A broken clock is right up your alleyHello there and welcome to Cooking With Rex. I'm your host, Tarbo, and today we'll be making a dish that master chefs challenge themselves with: the perfect egg. Sure, it's breakfast food, but you've got to be the cream of your game in order to make one people will talk about for months. Personally, I like to wow the crowd with a simple, but delicious, hard-boiled egg.
Velociraptor guiltsmolskaeAsteroid mining was the most satisfying thing a dinosaur from Earth could do. Nothing said go fuck yourself, meteor impacts, harder than hollowing out the innards and then making a shitload of money from said innards as the original crumpled into dust. Geianti Crowpus had a thriving business setting up demolition parties, which was much cheaper than hiring actual miners even if the dromeosaurs in particular had a tendency to leave vomit behind. Well, everyone had their coming of age rite, dromeosaurs just added vomit to it.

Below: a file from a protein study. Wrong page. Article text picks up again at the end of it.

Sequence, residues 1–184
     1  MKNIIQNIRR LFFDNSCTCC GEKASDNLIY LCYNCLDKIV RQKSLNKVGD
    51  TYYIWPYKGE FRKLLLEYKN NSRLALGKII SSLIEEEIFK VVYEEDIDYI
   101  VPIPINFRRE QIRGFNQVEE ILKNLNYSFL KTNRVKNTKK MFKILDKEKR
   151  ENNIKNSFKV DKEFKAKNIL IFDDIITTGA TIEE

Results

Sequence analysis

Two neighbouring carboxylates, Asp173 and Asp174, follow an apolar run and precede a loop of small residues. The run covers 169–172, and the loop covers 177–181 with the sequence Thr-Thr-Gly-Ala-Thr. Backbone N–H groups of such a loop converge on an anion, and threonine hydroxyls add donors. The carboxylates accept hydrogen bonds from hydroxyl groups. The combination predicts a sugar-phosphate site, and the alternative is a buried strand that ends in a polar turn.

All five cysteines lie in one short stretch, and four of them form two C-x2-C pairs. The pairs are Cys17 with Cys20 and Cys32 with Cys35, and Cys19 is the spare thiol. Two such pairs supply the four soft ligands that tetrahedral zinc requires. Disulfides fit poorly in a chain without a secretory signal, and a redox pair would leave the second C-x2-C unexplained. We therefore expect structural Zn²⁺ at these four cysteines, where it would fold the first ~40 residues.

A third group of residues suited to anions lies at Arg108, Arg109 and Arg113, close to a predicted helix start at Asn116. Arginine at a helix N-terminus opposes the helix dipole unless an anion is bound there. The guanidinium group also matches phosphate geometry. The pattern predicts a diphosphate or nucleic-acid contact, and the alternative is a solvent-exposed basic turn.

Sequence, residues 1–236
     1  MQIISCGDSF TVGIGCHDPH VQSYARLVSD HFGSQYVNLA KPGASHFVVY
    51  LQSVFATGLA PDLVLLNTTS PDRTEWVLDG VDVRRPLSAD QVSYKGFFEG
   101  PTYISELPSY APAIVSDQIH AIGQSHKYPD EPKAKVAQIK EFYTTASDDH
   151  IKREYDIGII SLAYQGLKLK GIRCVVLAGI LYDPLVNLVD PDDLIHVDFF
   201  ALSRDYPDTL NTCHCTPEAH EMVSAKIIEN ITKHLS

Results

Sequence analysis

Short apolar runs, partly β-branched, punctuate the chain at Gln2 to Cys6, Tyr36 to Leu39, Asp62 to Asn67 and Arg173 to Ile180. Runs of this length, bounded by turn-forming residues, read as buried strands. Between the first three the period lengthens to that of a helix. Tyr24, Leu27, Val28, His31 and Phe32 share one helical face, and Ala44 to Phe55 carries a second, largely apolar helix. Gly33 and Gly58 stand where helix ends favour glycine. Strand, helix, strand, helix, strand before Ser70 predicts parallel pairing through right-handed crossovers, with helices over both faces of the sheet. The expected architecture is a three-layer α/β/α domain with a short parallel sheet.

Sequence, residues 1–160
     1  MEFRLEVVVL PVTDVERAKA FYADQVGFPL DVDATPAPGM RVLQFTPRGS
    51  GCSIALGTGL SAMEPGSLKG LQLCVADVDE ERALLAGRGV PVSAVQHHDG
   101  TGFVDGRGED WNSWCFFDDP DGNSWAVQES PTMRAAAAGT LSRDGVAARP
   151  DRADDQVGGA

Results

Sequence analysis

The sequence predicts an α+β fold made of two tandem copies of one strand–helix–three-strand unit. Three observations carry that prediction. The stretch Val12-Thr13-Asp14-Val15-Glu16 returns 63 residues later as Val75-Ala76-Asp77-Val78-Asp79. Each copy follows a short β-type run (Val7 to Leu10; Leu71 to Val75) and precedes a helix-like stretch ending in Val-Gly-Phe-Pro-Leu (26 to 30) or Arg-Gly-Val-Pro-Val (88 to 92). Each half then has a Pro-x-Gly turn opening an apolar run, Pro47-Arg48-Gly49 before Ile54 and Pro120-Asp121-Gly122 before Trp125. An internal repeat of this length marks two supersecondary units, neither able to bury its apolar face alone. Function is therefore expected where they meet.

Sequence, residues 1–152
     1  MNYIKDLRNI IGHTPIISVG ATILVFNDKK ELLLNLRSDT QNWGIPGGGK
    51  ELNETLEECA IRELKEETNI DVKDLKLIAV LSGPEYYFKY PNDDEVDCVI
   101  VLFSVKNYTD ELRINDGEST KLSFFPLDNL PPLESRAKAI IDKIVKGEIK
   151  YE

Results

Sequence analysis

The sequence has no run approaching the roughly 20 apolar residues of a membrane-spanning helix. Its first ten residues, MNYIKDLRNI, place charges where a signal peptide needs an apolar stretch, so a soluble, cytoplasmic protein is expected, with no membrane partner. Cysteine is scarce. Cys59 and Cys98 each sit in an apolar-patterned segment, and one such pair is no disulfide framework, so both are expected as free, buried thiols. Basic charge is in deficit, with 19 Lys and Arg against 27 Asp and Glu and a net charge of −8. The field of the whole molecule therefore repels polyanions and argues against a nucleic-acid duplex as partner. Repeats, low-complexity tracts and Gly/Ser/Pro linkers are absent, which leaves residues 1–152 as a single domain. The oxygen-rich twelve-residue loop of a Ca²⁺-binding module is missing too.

Gayatri, Effective Thief, And Remover Of ObstaclesGayatri, Effective Thief, And Remover Of Obstacles' Mess
Smart UngSmall Ung, small Mlop. Sun down. Sun up. Much sun down. Much sun up. Big Ung, big Mlop. Much big now. Both big. Big Mlop in rock spot by the rock spot of big Ung. Mlop rock not far from Ung rock, so Mlop not far from Ung and Ung not far from Mlop.
How and When to End a Story
I end stories on instinct. I figure out where things should end up before I commit words to paper the same time I solidify the premise.Like,Step 1: premise (often, interesting science/sociopolitics/economics + what if)Step 2: where should it end?If I can't sort out 2 based on the premise alone, I'll briefly think about the plot/characters. And of course, there's more refinement when I write the thing, but I can't think of a time when I've changed how things turn out.This bothers me deeply because the concept of instinct applied to something that is learned makes no sense.The rest of this post is available here. If you're interested in knowing why:A) I find the favorites system here infinitely preferable to bookmarks. I'm not trying to - there's no humble way to put this - screw watchers out of my advice, so.B) $taff told me explicitly that, despite displaying a public etiquette policy, they do not enforce it on the backend. Deviantart tacitly allows hate speech while giving lip service to toleration. I'm not interested in supporting this. If, at some point in the future, they change, I'll upload the rest of it here. In the meantime, this half-solution seems to be a better compromise....